Once you choose a lender, you should try to understand how they’ll evaluate your situation to determine your pre-approval status. They could accept your request or deny it — or they could pre-approve you for a different amount than you asked for.

This decision will be based on a review of your financial statements. Here is what the lender will need to look at:

  • Your income
  • Your debts
  • Your assets
  • Your credit history and credit score
  • Your current job, annual salary, and employment history

You should be prepared to submit statements from investment accounts, credit card bills or documentation on existing loans, pay stubs, tax returns, and more.

They need this information to determine your debt-to-income ratio, how stable your employment is, and what financial resources you have to fall back in case of an unexpected life event (ex: health problems, etc.). These factors indicate whether you can reasonably afford to repay the loan.

Lenders also want to see your credit score to determine how much of a risk you may pose. The lower your credit score, the riskier you look to a lender. A low score could indicate current or prior late payments, high credit utilization, or limited credit history, all of which increase the likelihood that you may not make all your mortgage payments on time. The greater this likelihood of default, the higher the interest rate a lender will offer you.

On the other hand, a high credit score tells the lender you pose less of a risk and are more likely to make all your loan payments. A high score may qualify you for a lower interest rate (which can save you tens of thousands of dollars over the life of your mortgage).

You also need to tell the lender the price of the home you want to buy and how much you plan to finance. In other words, how much cash you have for a down payment. The difference between your down payment and the price of the home is the amount you ask the lender to lend you with a mortgage loan.

Lenders generally require you to make a down payment of 20% of the purchase price of the home. If you put down less than 20%, you may be charged a higher interest rate and be required to pay a monthly premium for mortgage insurance on top of the principal, interest, taxes and homeowner’s insurance that make up your monthly housing payment. The additional interest expense and the mortgage insurance premium can limit the amount of the loan for which you can qualify based on your income, and this can reduce your purchasing power.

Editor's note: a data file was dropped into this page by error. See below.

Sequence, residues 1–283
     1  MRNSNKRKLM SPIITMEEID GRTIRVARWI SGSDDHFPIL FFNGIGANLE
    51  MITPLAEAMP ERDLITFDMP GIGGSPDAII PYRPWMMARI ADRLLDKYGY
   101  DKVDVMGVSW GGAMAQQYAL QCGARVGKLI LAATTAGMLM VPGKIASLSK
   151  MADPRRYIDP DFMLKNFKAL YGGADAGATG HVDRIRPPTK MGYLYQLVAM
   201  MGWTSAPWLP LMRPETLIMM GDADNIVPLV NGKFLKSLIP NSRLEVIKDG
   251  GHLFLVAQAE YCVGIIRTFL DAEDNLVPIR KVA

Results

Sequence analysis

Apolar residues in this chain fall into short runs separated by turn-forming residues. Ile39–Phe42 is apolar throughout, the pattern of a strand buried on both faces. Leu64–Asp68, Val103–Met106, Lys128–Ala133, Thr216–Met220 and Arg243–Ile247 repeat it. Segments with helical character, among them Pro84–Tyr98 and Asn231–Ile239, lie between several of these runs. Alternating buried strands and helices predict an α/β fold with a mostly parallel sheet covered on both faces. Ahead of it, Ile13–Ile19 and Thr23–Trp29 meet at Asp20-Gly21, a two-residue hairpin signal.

What Are the Next Steps?

If your pre-approval request is declined, you can talk to the lender about your options. You may simply need to request a smaller loan amount. Or you might need to take a step back and focus on coming up with a larger down payment.

If you have enough for a 10% down payment, you should consider partnering with Unison, a company that invests alongside home buyers to allow them to get the home they want. Unison can contribute up to half of the down payment as an investment alongside yours, allowing you to make a full 20% down payment, and get the benefits of doing so. In return, the company hopes to earn a profit from a portion of any appreciation in the home’s value at the time it’s sold.

If you do get pre-approved, you’re ready to find a real estate agent and start looking at properties. With pre-approval letter in hand, both agents and home sellers will be more eager to work with you and help you get the home you want.

Posted-In: unisonEducation Personal Finance General Real Estate Best of Benzinga